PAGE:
Thursday, 4 December 2008

Armenia signs European treaty which potentially grants adoption rights to same-sex couples

The European Convention on the Adoption of Children (revised) was prepared within the framework of the Council of Europe.

This is not binding in terms of State’s obligation to extend adoption rights to same-sex couples. However, it sends right signals, and while not necessarily a ‘breaking news’ development, certainly is a step in a right direction.

Glad that Armenian government was among the first to sign up for the treaty. Of course, this does not mean that soon we will witness officially adopted children by same-sex couples in Armenia. In fact, Armenia does not have any specific provisions for same-sex unions, and homophobia in our society is so prevalent that very few gay Armenians come out in public or before their families, relatives and friends. Things are slowly changing, but prevalent mentality is much more difficult to change and will take time, efforts and lots of education.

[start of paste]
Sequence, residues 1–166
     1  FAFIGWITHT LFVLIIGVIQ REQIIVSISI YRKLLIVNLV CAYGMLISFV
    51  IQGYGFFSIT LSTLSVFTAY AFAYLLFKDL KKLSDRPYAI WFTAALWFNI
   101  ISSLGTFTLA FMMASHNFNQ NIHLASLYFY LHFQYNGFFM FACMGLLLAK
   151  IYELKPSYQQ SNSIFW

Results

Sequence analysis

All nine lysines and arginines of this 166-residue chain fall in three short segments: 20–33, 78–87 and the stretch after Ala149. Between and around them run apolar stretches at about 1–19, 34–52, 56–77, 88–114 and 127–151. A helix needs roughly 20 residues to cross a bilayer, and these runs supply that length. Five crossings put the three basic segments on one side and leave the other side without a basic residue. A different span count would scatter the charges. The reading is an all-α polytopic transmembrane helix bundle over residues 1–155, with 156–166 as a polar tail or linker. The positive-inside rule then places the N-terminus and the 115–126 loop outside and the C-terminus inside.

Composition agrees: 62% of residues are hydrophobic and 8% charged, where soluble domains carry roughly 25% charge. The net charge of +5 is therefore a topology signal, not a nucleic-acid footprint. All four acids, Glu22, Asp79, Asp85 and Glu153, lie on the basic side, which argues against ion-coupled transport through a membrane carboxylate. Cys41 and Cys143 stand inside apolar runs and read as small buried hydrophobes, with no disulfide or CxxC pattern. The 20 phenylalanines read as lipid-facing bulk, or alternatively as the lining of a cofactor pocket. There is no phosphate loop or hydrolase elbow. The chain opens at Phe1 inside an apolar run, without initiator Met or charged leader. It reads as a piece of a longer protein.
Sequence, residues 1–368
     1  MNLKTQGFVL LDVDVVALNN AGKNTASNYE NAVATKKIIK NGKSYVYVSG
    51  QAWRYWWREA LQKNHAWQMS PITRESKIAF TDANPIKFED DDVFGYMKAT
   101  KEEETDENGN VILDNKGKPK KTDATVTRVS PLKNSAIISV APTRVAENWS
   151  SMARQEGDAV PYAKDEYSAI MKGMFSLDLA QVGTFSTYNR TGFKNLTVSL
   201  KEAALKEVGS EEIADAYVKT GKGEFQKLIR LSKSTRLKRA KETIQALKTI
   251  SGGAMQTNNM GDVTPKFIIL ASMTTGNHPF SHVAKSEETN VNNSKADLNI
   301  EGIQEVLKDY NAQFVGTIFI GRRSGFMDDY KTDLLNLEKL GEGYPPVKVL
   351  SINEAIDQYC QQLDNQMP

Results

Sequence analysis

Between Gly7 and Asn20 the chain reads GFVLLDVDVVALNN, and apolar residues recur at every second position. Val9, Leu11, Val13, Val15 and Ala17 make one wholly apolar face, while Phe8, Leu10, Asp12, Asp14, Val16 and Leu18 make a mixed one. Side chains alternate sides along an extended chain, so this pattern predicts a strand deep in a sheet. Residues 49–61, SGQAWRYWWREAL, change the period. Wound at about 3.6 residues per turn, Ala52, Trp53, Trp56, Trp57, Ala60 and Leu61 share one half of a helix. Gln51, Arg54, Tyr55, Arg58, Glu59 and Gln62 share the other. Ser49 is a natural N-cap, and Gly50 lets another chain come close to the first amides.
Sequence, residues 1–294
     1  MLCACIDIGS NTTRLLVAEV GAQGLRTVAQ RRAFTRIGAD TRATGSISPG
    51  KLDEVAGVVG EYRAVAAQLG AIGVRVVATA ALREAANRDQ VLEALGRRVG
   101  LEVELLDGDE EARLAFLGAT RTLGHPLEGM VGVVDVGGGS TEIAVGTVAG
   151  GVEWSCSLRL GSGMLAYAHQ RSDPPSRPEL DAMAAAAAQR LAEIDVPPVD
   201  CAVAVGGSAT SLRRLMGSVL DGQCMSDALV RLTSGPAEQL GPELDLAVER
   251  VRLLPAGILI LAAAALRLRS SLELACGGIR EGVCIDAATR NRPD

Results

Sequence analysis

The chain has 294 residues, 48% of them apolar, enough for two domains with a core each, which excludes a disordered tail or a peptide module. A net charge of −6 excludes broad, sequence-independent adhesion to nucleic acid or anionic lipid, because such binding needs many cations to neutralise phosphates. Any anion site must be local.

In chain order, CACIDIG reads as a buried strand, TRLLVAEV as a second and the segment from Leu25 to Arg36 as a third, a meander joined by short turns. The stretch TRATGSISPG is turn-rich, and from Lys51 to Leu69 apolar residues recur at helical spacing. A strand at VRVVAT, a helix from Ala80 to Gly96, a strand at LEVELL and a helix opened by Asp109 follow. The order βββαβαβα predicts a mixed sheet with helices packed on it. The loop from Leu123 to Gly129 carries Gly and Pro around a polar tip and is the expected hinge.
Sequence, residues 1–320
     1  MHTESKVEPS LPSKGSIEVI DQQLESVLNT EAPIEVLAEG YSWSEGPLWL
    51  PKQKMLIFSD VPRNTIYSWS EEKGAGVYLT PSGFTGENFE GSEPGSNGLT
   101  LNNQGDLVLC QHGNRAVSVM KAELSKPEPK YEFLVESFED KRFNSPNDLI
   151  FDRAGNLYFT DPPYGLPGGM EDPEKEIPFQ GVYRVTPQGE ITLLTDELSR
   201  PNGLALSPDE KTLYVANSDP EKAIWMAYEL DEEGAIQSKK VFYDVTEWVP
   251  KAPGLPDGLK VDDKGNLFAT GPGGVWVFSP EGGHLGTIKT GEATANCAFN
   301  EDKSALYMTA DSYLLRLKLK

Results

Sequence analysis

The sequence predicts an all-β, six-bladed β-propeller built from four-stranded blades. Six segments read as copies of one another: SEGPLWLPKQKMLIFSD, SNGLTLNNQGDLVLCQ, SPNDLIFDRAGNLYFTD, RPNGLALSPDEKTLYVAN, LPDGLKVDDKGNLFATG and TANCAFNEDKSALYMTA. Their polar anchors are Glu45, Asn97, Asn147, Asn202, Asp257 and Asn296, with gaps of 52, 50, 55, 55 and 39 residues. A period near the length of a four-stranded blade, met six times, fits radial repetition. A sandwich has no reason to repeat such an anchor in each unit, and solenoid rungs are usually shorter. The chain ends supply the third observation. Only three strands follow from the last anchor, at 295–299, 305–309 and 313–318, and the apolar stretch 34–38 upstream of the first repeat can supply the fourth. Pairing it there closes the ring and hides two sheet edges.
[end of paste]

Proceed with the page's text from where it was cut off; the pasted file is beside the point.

On the other hand, Armenian constitution does not specifically define marriage as a union between man and woman. Therefore, from Constitution’s point of view, same-sex marriage is not illegal.

This is a field which local gay rights groups can work upon to develop it further.

In any case, signing this treaty by Armenia is encouraging sign, and I commend Armenian government for that.

Not only Armenia is the first country in South Caucasus to do so, but also among the first Europe-wide too. From this point of view, this is pretty significant and welcoming development.

Strasbourg, 27.11.2008 - On the occasion of the special meeting at which Spain succeeded Sweden as the chair of the Committee of Ministers, The European Convention on the Adoption of Children (Revised) was opened for signature.

The European Convention on the Adoption of Children (Revised) (CETS 202) was signed by Armenia, Denmark, Finland, Iceland, Norway and the United Kingdom.

The aim is to take account of social and legal developments while keeping to the European Convention on Human Rights and bearing in mind that the child’s best interests must always take precedence over any other considerations.

From new provisions introduced by the convention:

· It extends [adoption rights] to heterosexual unmarried couples who have entered into a registered partnership in States which recognise that institution. It also leaves States free to extend adoptions to homosexual couples and same sex-couples living together in a stable relationship.

For Council of Europe’s Explanatory Report which accompanies the new revised European Convention on the Adoption of Children, see here

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